When I returned to Creative Loafing in 2011 after five years away from the company, I was shocked to see how hard it had been hit by recession and bankruptcy. An office that once bustled with adrenaline-fueled journalistic inquisitiveness and a heady sense of adventure — from the editorial department to sales, marketing and distribution — was quiet and funereal. Pages were down. So was revenue. The staff was a skeleton of its former self. The editorial department alone had been cut nearly in half. With minimal resources, the remaining staffers had diligently kept the trains running on time. They were putting out a paper every week, feeding the website several times a day.
As editor in chief, my initial goals were to improve the quality of writing, reporting and news judgment; clarify and refine CL's vision and overarching voice; prepare the print edition and website for comprehensive coverage of the 2012 Democratic National Convention; and expand the readership. With hard work, long hours, blood, sweat and occasional tears, CL's talented editorial team valiantly rose to these demanding challenges and succeeded beyond my expectations.
After this issue, I will be leaving Creative Loafing to pursue new opportunities, one of which is to be married in late June. My feelings are at once enthusiastic and bittersweet. I will miss engaging with Charlotte's leaders and CL's readers. Most of all, I'll miss the fine editorial staffers and freelancers I've grown fond of. But I leave knowing they are well-prepared to continue our mission of providing the best information on Charlotte's arts and entertainment events and offering news and cultural commentary you won't find anywhere else.
Let's look at a few things this team has accomplished in just two years. When Occupy Charlotte was at its zenith in late 2011, former CL freelancer Rhiannon Fionn was on the ground with protesters and city officials every day, blogging, churning out audio and video interviews and writing stories for the print edition. When state conservatives introduced an anti-gay amendment that would write bigotry into the N.C. constitution, CL's editors and writers reported it like no other publication in the area, checking in with not one, but two cover packages on the issue and keeping a steady stream of blog items on it. By the time the DNC rolled around, CL was ready for the onslaught. Convention correspondents Mary Curtis, Mike Cooper, Ryan Pitkin and Joanne Spataro — along with our Huffington Post partner reporters Jason Cherkis, Christina Wilkie and Ryan Grim, and several Elon University journalism students — covered the DNC from every conceivable angle.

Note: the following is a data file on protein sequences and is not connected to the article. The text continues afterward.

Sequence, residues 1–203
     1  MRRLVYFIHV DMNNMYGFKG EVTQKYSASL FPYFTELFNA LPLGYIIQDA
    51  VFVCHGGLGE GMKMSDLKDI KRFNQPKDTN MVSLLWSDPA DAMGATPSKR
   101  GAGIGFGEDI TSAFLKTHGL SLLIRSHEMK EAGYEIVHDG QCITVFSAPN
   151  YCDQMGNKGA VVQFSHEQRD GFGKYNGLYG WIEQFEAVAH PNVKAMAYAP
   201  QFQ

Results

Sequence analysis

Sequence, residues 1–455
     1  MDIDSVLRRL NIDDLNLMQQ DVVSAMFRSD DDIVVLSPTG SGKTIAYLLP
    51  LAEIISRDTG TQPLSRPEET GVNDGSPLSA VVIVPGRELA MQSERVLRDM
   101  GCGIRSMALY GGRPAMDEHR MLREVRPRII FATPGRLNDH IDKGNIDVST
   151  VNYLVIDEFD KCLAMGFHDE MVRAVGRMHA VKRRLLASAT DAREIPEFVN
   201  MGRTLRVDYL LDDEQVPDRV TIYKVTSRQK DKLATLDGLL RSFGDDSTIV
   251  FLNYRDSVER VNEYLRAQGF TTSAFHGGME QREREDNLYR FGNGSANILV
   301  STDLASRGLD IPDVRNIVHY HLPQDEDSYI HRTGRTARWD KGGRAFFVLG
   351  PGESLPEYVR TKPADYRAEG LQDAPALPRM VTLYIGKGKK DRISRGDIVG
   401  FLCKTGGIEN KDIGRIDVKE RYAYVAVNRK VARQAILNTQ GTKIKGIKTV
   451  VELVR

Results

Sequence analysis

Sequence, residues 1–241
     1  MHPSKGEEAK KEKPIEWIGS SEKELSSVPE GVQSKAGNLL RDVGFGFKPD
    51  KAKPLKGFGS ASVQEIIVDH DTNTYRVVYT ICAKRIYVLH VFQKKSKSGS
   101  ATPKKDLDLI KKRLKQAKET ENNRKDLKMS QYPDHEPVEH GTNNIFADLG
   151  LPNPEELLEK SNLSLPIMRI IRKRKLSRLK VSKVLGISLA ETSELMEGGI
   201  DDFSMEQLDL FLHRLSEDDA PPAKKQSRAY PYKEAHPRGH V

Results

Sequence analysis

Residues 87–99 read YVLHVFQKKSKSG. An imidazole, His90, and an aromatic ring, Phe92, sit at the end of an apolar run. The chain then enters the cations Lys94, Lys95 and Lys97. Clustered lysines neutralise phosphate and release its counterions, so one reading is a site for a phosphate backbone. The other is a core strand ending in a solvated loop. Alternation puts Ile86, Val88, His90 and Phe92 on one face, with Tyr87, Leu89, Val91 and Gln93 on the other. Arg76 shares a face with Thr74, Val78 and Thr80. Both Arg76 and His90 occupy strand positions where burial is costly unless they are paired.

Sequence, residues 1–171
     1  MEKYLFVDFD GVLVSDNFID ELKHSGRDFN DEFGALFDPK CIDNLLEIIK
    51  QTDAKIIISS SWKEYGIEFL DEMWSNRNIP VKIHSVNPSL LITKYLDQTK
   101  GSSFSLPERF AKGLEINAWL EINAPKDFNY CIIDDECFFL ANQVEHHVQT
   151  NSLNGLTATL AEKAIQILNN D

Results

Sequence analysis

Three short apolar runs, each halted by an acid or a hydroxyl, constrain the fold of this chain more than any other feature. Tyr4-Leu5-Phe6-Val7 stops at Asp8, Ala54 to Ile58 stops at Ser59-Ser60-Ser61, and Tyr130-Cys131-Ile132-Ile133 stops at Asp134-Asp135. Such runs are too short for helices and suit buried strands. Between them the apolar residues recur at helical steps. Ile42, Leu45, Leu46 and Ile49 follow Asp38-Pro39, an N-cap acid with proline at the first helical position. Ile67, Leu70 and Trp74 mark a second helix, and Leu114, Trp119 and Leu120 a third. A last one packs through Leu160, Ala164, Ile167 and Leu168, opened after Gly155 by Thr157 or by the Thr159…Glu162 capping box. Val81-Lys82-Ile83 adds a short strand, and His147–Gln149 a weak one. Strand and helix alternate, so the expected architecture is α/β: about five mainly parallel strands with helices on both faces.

CL's editorial staff also expanded. We hired a bulldog of a news editor (Ana McKenzie), an art director (Melissa Oyler) whose spectacular redesign of the paper last year showed a creativity that knows no bounds, and a part-time copy editor (Emiene Wright) who not only ensures that all the i's are dotted and t's crossed, but has also written some of the paper's stronger cover stories.
We assembled a solid pool of smart freelance voices, including news and culture columnists Ailen Arreaza, Erin Tracy-Blackwood, Charles Easley and David Aaron Moore; expert music journalists Pat Moran, Jordan Lawrence, Corbie Hill, Rachel Bailey and Brittany Gaston; food writers Keia Mastrianni and Kelly Davis; and gaming columnist Adam Frazier. Those writers have complemented and amplified the voices of veteran CL freelancers John Grooms, John Schacht, Tricia Childress and Perry Tannenbaum.
And then there are the staffers who were here when I arrived: film critic and arts editor Matt Brunson, assistant arts editor Anita Overcash and music editor Jeff Hahne. All of them have improved their sections by leaps and bounds. Managing editor Kim Lawson has done such a fine job of keeping the editorial operations running smoothly that we continually piled more responsibilities on her plate. She was the staffer who kept the trains running on time before I got here, and she's been my right-hand woman throughout my tenure. Kim will now officially assume the mantle of top editor, a position I'm confident she will master professionally and efficiently.
In an analysis I did of Creative Loafing before my arrival, I wrote the following to the publisher: "One of the main things the so-called alternative media can do today that mainstream media sources can't do is generate content with an attitude that assumes a relatively high level of intelligence among its users. Therefore, the overarching editorial voice at CL should be smart and culturally open-minded, with a sense of humor ... Charlotte is sometimes criticized for being a boring bank town that skews conservative. CL's role should be to explode that stereotype and serve readers and users who are not (or don't want to be) confined by it."
If CL maintains the standards of journalistic excellence we have set over the past two years, this venerable media outlet will continue exploding that stereotype. I look forward to watching where it goes from here.